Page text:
Activity 5 Ticket out the Door: Students must give the teacher feedback in written format in order to leave the class. The ticket should frame the work done in class and establish a purpose for the upcoming class. The teacher stands at the door to collect the tickets. The important thing for the teacher to remember is that the work should be used immediately to generate the lesson, answer questions, or frame the concepts to be explored.
Items that can be placed on the "ticket" can vary. Ticket ideas include:
One question I still have is…
One connection I would like to share…
My prediction is…
I am confused about…
Appendix [D]: Pennsylvania Academic Standards for Reading, Writing, Speaking and Listening
1.1. Learning to Read Independently
A) Locate appropriate texts for an assigned purpose before reading.
B) Identify and use common organizational structures and graphic features to comprehend information.
C) Use knowledge of root words as well as context clues and glossaries to understand specialized vocabulary in the content areas during reading. Use these words accurately in speaking and writing.
D) Identify basic facts and ideas in text using specific strategies (e.g., recall genre characteristics, set a purpose for reading, generate essential questions as aids to comprehension and clarify understanding through rereading and discussion).
E) Expand a reading vocabulary by identifying and correctly using idioms and words with literal and figurative meanings. Use a dictionary or related reference.
F) Understand the meaning of and apply key vocabulary across the various subject areas.
G) Demonstrate after reading understanding and interpretation of both fiction and nonfiction text, including public documents.
- Make, and support with evidence, assertions about texts.
- Compare and contrast texts using themes, settings, characters and ideas.
- Make extensions to related ideas, topics or information.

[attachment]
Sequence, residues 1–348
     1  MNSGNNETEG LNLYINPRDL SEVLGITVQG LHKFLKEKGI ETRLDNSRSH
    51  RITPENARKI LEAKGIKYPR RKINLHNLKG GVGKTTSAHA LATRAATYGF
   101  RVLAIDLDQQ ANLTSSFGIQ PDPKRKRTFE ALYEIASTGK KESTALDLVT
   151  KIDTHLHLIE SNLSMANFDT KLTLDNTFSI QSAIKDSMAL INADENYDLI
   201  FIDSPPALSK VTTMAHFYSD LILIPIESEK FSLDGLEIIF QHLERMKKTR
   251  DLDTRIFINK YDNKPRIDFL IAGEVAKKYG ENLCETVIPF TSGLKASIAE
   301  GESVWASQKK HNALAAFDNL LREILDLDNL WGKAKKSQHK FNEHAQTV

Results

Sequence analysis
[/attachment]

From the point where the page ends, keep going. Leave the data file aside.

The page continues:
- Describe the context of a document.
- Analyze the positions, arguments and evidence in public documents.
H) Demonstrate fluency and comprehension in reading. Analyze the positions, arguments and evidence in public documents.
- Read familiar materials aloud with accuracy
- Self-correct mistakes.
- Use appropriate rhythm, flow, meter and pronunciation
- Read a variety of genres and types of text
- Demonstrate comprehension
1.2 Demonstrate fluency and comprehension in reading
1.3. Reading, Analyzing and Interpreting Literature
1.4. Types of Writing
1.5. Quality of Writing
1.6. Speaking and Listening
Langan, John, and Paul Langan. Search for Safety. West Berlin, N.J.: Townsend Press, 2007. This is the thirteenth book of The Bluford Series following sophomore Ben Mckee. Ben's mom marries an abusive man.
Langan, Paul. The Gun. West Berlin, N.J.: Townsend Press, 2001. This is the sixth book of The Bluford Series showcasing the revenge of freshman bully Tyray Hobbs.
Langan, Paul. The Bully. West Berlin, N.J.: Townsend Press, 2002. This is the fifth book of The Bluford Series based on freshman Darrell Mercer that is the object of the school bully, Tyray Hobbs.
Langan, Paul, and Ben Alirez. Brothers in Arms. West Berlin, NJ: Townsend Press, 2004. This is the ninth book of The Bluford Series about Martin Luna wanting revenge of his brother's drive-by shooter.
Langan, Paul. Summer of Secrets. West berlin, NJ: Townsend Press, 2004. This is the tenth book of The Bluford Series following Darcy Wills.
Langan, Paul, and D. M. Blackwell. Blood Is Thicker. West Berlin, NJ: Townsend Press, 2004. This is the eighth book of The Bluford Series is based on Hakeem Randall's move to Detroit.
Langan, Paul. The Fallen. West Berlin, N.J.: Townsend Press, 2007. This is the eleventh book of The Bluford Series about Martin Luna turning his back on gang life.
Langan, Paul. Shattered. West Berlin, N.J.: Townsend Press, 2007. This is the twelfth book of The Bluford Series focuses on the return of Hakeem Randall from Detroit.
Schraff, Anne E., and Paul Langan. A Matter of Trust. West Berlin, N.J.: Townsend Press, 2001. This is the second book of The Bluford Series that continues to follow the trials and tribulations of the Wills family.